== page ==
View Full Version : Attachment Items


wasarah
11-21-13, 08:24 PM
I am new to this forum and this is my first post. Today was a big day - my son was placed on a 504 plan effective today (hooray!). Finally there will be some accommodations made for his ADD!

One item came up during our meeting -- my son, who is 13, insists upon hugging his binder in front of him during every one of his classes...he refuses to put it aside, even though it gets in his way. I haven't seen that at home and am wondering what that might mean? Any thoughts?

TygerSan
11-22-13, 06:56 AM
Some kids like sensory feedback. It helps calm and center them. I would google weighted vests or lap pads. They might work as a replacement.

dvdnvwls
11-22-13, 07:39 AM
If that's what it is - it's a little bit like how babies sometimes like to be wrapped up tight - it's a soothing effect.

I had a dog who was afraid of loud noises, and I was taught to hug him tight around the chest to make him feel better. (He was a huge dog.) There are now even tight vest/shirt things made for soothing fearful dogs. So - everybody has this, not just people. :)

messyme
11-22-13, 10:04 AM
Good news!

As far as the binder -- I've done things like that before when I was young and in school, I remember. I have no idea if my reasons are the same as your son's, and mine are kind of hard to explain, but I was shy and quiet and didn't like attention. The best way to put it is that I kind of felt "exposed" so I liked sitting in a chair at a table or desk (ex: rather than at a chair without anything in front of me). Or at a desk, I'd sometimes hold a book or binder in front of me on my lap.

Now that I think about it, I kind of do similar things now. I'm much less shy than I used to be, but after having my first child I gained weight (I was think before) and I'm sometimes self-conscious, and sometimes prefer to have my purse on my lap, for example; again, I guess I feel less exposed/vulnerable or something, I'm really not sure.

I was just talking to a male friend a few weeks ago and I remember him saying that when he was a young teenager, he would get spontaneous erections, sometimes at school; I think this is fairly common with adolescent males. I think he said once the teacher asked him to do something (ex: stand up or put some books down) and he refused because of it. Even if it only once that it happened at school, I'm sure it was very embarassing and he would've been careful after that.

Your son could have completely different reasons. Whatever they are, I wouldn't worry about it, and if I were the teacher I'd just leave it be.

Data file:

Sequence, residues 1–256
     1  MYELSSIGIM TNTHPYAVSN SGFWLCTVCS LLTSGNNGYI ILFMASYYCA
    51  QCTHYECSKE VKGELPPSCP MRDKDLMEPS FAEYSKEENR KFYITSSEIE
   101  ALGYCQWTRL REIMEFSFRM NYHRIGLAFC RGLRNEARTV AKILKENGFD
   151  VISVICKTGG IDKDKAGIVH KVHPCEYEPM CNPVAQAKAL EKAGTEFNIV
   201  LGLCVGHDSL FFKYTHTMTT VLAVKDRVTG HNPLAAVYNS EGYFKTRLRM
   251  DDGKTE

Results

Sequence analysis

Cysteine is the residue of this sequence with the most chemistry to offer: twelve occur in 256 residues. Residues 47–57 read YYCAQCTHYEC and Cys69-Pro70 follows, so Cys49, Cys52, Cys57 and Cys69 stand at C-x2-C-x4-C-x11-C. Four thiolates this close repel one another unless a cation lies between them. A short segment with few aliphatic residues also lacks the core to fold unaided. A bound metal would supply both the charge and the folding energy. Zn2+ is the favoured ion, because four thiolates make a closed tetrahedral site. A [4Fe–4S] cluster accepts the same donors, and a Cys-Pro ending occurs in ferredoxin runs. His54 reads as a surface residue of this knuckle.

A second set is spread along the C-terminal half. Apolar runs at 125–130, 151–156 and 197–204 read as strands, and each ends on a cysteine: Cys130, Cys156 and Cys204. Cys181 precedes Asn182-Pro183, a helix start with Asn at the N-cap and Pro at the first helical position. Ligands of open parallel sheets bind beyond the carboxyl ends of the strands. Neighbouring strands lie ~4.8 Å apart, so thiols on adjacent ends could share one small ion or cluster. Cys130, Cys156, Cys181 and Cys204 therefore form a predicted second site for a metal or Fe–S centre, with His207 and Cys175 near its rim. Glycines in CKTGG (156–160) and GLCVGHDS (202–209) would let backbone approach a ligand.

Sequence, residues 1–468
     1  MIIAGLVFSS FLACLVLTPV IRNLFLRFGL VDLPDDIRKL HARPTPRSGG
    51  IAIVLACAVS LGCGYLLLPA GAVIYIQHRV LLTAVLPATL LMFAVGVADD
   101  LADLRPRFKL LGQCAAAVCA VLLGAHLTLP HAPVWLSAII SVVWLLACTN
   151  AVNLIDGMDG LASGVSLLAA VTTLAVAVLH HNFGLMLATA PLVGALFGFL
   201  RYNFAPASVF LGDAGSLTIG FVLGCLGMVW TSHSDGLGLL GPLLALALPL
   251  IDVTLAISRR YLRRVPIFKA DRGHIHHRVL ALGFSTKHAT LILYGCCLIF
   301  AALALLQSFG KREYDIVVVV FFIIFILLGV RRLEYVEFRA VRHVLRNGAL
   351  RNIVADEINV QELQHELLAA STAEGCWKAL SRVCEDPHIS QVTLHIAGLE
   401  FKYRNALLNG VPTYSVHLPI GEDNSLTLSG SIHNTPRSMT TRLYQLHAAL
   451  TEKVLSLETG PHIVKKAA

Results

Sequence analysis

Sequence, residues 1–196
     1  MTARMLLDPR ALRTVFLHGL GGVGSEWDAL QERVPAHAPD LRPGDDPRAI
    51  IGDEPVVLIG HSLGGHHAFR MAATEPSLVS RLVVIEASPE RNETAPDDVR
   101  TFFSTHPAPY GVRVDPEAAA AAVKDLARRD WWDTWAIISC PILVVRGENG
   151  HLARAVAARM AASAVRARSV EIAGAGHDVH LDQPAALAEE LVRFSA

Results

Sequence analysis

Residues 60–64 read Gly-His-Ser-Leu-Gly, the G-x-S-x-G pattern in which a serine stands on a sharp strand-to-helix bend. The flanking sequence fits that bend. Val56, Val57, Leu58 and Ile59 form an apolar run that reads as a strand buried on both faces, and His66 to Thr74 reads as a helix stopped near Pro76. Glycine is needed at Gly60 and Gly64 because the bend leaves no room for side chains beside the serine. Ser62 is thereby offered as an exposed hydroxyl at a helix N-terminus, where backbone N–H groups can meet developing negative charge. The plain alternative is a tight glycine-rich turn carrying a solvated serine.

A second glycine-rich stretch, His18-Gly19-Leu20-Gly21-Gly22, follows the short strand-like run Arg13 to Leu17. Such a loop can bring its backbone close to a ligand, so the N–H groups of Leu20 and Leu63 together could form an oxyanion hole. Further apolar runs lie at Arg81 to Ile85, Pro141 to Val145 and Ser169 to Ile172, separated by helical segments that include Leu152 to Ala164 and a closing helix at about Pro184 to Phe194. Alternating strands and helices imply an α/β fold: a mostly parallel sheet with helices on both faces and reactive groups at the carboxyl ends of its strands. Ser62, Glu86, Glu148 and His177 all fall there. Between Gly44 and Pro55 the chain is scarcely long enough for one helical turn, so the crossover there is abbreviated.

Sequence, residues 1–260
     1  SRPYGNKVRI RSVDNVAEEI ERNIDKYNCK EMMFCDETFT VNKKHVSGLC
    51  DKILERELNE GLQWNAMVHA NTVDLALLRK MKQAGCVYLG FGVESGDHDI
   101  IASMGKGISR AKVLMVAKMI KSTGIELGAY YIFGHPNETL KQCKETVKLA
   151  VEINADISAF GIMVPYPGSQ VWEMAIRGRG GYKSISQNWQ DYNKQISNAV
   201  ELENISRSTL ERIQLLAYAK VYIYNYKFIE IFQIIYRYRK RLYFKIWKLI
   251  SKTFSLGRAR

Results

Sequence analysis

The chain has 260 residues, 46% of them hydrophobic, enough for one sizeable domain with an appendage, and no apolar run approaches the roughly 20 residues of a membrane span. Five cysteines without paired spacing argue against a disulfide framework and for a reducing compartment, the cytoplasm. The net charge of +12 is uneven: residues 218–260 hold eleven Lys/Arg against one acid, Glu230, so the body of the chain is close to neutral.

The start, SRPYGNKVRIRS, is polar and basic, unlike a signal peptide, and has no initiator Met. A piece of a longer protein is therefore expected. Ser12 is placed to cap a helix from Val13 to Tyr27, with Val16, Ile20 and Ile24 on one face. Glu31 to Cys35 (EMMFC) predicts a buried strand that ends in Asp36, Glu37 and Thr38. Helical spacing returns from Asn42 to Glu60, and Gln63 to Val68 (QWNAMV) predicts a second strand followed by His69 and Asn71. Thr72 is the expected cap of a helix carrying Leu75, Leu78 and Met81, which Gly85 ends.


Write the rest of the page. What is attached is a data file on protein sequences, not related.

dvdnvwls
11-22-13, 03:32 PM
Good news!

As far as the binder -- I've done things like that before when I was young and in school, I remember. I have no idea if my reasons are the same as your son's, and mine are kind of hard to explain, but I was shy and quiet and didn't like attention. The best way to put it is that I kind of felt "exposed" so I liked sitting in a chair at a table or desk (ex: rather than at a chair without anything in front of me). Or at a desk, I'd sometimes hold a book or binder in front of me on my lap.

Now that I think about it, I kind of do similar things now. I'm much less shy than I used to be, but after having my first child I gained weight (I was think before) and I'm sometimes self-conscious, and sometimes prefer to have my purse on my lap, for example; again, I guess I feel less exposed/vulnerable or something, I'm really not sure. That's a good point. Could be a security sort of thing.

... if I were the teacher I'd just leave it be.
A teacher can't really "leave it be" when a student is in class and his hands are too busy for him to participate. Not fair to the teacher.

wasarah
11-22-13, 03:37 PM
Thanks for the feedback -- I'm inclined to think it's a security thing. The teachers said they are going to try to accept it with the exception of when it interferes with his ability to do his work.

messyme
11-22-13, 04:22 PM
A teacher can't really "leave it be" when a student is in class and his hands are too busy for him to participate. Not fair to the teacher.

To clarify, I meant leave it be as much as possible; not push the issue unless it's interfering with something important. When wasarah said that it "gets in his way", I interpreted that as making it a bit more difficult to write notes or something like that, with the binder where it was.

dvdnvwls
11-22-13, 06:25 PM
Ah. That makes sense. I was picturing him holding it with both hands at all times.